How Tigres and Tuca Ferretti's long-term approach is changing Liga MX
MEXICO CITY - It will likely be some fall afternoon in 2018 when Ricardo "Tuca" Ferretti breaks the all-time Liga MX record for most matches coached. Two years beyond that, when his current deal is up at Tigres, he'll have been at the helm of the Monterrey-based team for an entire decade.
If the level of certainty in the above is jarring, especially considering the volatile nature of Mexican soccer, it shouldn't. The 62-year-old coach has managed continuously in Mexico since the day of his retirement as a player in 1991. In those 26 years of management, Ferretti has never been fired. Only twice has he spent less than a year at his post, once in Morelia and then, ironically, with Tigres in 2006.
In the midst of his seventh year at the helm of Tigres, Ferretti has racked up impressive results: three Liga MX titles, one Copa MX championship, a pair of Campeón de Campeones trophies and a Copa Libertadores final. The silverware is impressive but the longevity is practically unheard of in Mexico.
At Tuca's introductory presser with Tigres in 2010, the team espoused the usual spiel regarding their desire to helm a long-term, successful project. At the time, only one manager had reached seven years at his post during the current short tournament era: Raul Arias, who did so with Necaxa from 1998 to 2005. Of the 18 current Liga MX bosses, only three have been at their current post for more than two years. The need for immediate results in a league featuring two full seasons in a calendar year has given owners a quick trigger when replacing coaches.
What then, makes Ferretti and Tigres such a notable outlier?
"Tuca has always been successful at bringing stability everywhere he's gone," said ESPN FC analyst Herculez Gomez, who played under the coach in 2014. "These famous processes are never fulfilled in Mexico but he's a great example of what can be done if you trust them."
Logically, stability is often a byproduct of results and by 2011, Tuca led Tigres to their first league title since 1982. With their vision validated, the team's board got to work on its long-term goal: turning a strong regional presence in northern Mexico into a continental behemoth.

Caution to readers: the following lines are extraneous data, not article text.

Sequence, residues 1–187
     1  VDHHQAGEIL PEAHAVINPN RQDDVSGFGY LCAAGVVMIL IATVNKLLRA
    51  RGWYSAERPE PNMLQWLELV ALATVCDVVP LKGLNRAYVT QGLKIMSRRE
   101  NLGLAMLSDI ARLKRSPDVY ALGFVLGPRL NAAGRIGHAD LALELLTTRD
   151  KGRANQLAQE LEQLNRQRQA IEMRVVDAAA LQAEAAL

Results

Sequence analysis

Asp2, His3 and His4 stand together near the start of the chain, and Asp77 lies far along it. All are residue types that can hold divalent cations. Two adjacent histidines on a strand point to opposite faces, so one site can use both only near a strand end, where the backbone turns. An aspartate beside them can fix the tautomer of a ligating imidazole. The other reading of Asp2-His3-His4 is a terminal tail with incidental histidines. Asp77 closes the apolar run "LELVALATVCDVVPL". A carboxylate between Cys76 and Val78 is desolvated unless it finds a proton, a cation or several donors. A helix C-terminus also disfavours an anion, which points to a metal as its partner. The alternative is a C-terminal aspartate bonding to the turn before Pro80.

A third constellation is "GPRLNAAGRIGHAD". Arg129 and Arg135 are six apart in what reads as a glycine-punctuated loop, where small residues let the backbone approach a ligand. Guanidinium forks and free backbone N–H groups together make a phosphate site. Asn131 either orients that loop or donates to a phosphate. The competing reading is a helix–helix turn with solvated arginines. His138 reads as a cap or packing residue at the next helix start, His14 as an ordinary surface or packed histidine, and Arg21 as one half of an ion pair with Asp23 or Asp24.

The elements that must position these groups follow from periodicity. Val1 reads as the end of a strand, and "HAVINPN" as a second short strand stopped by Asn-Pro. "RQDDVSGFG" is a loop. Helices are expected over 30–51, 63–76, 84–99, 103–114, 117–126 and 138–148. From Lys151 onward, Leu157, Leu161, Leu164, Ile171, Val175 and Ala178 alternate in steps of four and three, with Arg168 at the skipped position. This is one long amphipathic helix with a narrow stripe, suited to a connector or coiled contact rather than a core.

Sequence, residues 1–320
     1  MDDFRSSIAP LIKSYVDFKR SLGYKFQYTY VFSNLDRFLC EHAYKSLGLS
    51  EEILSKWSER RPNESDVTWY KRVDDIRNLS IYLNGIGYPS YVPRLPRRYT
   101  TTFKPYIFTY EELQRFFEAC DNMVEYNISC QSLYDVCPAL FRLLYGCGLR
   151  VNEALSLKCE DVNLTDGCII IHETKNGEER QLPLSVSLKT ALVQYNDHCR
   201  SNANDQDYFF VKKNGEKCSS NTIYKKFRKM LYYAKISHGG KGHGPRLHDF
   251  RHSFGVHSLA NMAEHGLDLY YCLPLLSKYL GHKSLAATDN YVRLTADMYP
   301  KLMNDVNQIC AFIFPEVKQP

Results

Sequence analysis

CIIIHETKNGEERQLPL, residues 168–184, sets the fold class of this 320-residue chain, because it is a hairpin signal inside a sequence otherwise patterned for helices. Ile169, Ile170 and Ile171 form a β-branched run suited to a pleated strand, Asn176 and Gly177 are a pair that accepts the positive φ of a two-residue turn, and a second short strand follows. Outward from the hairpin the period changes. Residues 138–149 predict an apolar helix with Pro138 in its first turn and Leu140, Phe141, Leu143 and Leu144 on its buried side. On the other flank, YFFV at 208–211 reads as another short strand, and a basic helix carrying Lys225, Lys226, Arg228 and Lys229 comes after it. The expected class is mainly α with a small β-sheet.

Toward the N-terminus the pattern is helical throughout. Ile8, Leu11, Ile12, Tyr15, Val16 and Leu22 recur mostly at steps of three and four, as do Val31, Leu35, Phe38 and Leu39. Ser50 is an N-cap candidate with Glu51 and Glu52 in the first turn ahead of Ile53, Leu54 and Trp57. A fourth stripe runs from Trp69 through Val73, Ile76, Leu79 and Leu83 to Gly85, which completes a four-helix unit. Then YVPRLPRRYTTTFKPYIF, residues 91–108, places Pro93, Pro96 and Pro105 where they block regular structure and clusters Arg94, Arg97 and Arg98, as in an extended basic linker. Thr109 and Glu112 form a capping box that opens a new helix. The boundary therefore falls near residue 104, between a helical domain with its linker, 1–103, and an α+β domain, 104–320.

In recent years, as part of their quest to win the Copa Libertadores or the CONCACAF Champions League, Tigres has rocked the local market with the signings of internationals Eduardo Vargas, Nahuel Guzman, Enner Valencia and, of course, Andre-Pierre Gignac. But Ferretti's experience, character and legendary short fuse have allowed him to remain as the authority amid such star power.
"[He] can be difficult at times; he lets his temper get the best of him. But you respect him. He's a coach unlike many because this is a guy who can also bring the best out of you," said Gomez. "Better players make for better teams."
Gignac seems to agree.
"I've learned from each coach: [Didier] Deschamps taught me the winning mentality and [Marcelo] Bielsa the tactical side. Tuca fine-tuned everything and added discipline," the French striker told Life and Style magazine in April.
In year seven of Ferretti's tenure, the process in Monterrey is unencumbered. Tigres has competed for three titles since last December. The team is reportedly in talks to sign another top player, Chile international Gary Medel, just days after holding midfielder Guido Pizarro left for Sevilla.
"The fact they're willing to open their pockets to sign players like Gignac, [Rafael] Sobis and Vargas? That's amazing. Fans appreciate the effort," said Gomez.
Moving forward, the remaining objectives are clear: multiple league championships, potentially positioning Tigres among the Liga MX elite, and cementing the elusive goal of winning the CONCACAF Champions League in order to challenge for the FIFA Club World Cup in the near future.
"We will not stop. We'll fix certain things and hopefully, next time we'll be there," said Ferretti after losing the 2017 final to Pachuca.
Tigres' success has not gone unnoticed. Other teams have unveiled similar plans built around the objective of long tenures with strong managers looking to achieve major accomplishments. Pachuca has built its recent achievements around a young team and a young coach, Diego Alonso. Signing Japan international Keisuke Honda is an attempt to mirror the fervor Tigres received when Gignac was first brought in.
Chivas, long mocked for disposing of coaches at owner Jorge Vergara's whim, has looked to Matias Almeyda for their long-term project, with already tangible results at the Copa MX and the Liga MX in the past two years. Across town from Ferretti, rivals CF Monterrey have already committed to over two years with current coach Antonio Mohamed though the Argentine has yet to win the league. It is likely the team will give him every opportunity to unseat their foes at the top.
Altogether, the Tuca blueprint has proven to be a model others in Mexico will continue to look to, perhaps gradually replacing the no-patience, short-term modus operandi more commonly seen around the league.
In Monterrey, Tigres fans are reveling at the possibility of further endeavors under Ferretti and a seemingly bottomless transfer budget. Gomez, still fondly remembered for his time at the team, agrees.
"The team is huge, the fan base is growing as well. To have this project going is really important to the city and to Mexican soccer."
Eric Gomez is an editor for ESPN's One Nación. You can follow him on Twitter: @EricGomez86.